$11 million verdict against pediatrician

by Ted Frank on September 14, 2009

Two sisters were repeatedly raped and sexually abused by their older half-brother. This is, a federal jury decided, the fault of their pediatrician, Dr. Patricia Monroe, who failed to report the abuse–though there was no evidence she was aware of the scope of it. Monroe’s attorney “says that’s because the girl refused to speak to Monroe and because the incident wasn’t reportable to Child Protective Services.” The decision will be appealed. (Chris Knight, “Monroe to appeal $11M verdict”, Adirondack Daily Enterprise, Sep. 3).

A message has been sent: make defensive reports to Child Protective Services, and parents will all be worse off when CPS overreacts.

{ 13 comments }

1 Frank 09.14.09 at 11:53 am

We read in the article that the mother contacted the doctor in August 2000. At that time the mother advised the doctor that the brother (offender) had been separated from the sisters (victims).

Within 6 months, by February 2001, the offender is arrested.

I’m still not sure what the doctor did or did not do that would have had any impact on what occurred to the victims.

2 E-Bell 09.14.09 at 1:57 pm

From the article:

The girls’ claim that Monroe should have reported what their mother told her to Child Protective Services was dismissed in a November 2008 U.S. Second Circuit Court of Appeals ruling. Stephen Coffey, the victims’ attorney, had argued that Monroe and Adirondack Internal Medicine had violated their duty under New York’s mandatory reporter law to report the suspected abuse.

But the court in November found the abuse would only have been a reportable incident if Monroe thought the girls’ mother was incapable or unwilling to protect the children from potential abuse.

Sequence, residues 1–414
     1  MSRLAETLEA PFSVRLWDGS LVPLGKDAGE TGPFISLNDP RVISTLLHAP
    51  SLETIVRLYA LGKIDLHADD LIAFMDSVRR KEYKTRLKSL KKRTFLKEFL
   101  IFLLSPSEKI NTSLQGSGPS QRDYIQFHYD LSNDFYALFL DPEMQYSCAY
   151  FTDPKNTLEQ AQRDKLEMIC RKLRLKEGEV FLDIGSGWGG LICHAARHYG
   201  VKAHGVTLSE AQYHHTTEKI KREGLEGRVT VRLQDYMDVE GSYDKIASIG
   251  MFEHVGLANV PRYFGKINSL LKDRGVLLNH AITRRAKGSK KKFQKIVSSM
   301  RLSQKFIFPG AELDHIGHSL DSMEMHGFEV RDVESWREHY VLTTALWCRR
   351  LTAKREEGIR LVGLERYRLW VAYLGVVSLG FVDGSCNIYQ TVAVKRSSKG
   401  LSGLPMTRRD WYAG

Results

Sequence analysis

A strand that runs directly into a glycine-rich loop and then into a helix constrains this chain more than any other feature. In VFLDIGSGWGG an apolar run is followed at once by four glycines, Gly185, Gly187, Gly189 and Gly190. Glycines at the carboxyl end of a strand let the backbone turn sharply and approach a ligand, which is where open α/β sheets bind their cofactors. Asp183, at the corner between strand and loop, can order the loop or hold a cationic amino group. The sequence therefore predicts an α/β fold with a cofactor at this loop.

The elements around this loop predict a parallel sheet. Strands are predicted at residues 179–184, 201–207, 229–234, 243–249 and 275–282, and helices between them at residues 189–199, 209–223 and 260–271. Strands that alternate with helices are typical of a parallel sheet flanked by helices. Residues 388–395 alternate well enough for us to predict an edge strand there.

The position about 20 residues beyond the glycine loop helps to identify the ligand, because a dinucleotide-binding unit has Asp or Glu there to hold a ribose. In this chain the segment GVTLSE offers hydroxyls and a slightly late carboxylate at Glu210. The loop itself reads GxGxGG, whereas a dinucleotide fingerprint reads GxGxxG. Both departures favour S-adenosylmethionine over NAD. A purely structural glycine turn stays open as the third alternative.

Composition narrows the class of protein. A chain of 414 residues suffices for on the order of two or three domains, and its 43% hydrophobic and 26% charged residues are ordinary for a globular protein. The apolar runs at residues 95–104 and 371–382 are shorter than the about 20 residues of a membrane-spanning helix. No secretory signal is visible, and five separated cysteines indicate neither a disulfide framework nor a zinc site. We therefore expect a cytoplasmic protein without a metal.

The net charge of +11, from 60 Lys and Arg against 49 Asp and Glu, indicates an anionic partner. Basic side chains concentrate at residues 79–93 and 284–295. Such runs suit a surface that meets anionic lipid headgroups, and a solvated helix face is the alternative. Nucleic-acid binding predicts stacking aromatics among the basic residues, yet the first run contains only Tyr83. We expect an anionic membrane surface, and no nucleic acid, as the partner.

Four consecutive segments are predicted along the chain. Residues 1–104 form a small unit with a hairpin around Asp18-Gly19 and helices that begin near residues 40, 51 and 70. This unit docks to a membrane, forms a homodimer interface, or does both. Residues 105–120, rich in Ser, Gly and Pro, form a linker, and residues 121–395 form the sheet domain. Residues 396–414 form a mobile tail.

“The evidence shows that, at the time of the initial reports of abuse, Dr. Monroe had no reason to believe (the mother) was neglecting her duty to protect her daughters from abuse,” that decision reads. “With the information she had at the time, Dr. Monroe did not have a duty to report under New York’s mandatory reporting laws.”

However, that same ruling overturned an earlier dismissal of the case against Monroe and opened the door for a malpractice claim against her and the medical group.

The appeals court judges said there was a “triable question of fact” as to whether Monroe breached her duty to exercise due care by failing to follow up or investigate the steps the mother was or was not taking to protect her daughters from the abuse. The decision left it up to a jury to decide whether that failure was the “proximate cause” of the girls’ injuries.

Also, notably:

The initial lawsuit, which was filed in 2002, named other defendants whom the girls’ mother had contacted for help, including the Lake Placid Central School District, then-Lake Placid Middle/High School Principal Robert Schiller, then-school Psychologist Randy Quayle, Essex County, St. Agnes Parochial (Catholic) School and the Catholic Diocese of Ogdensburg. But those “mandated reporter” claims were ultimately dismissed.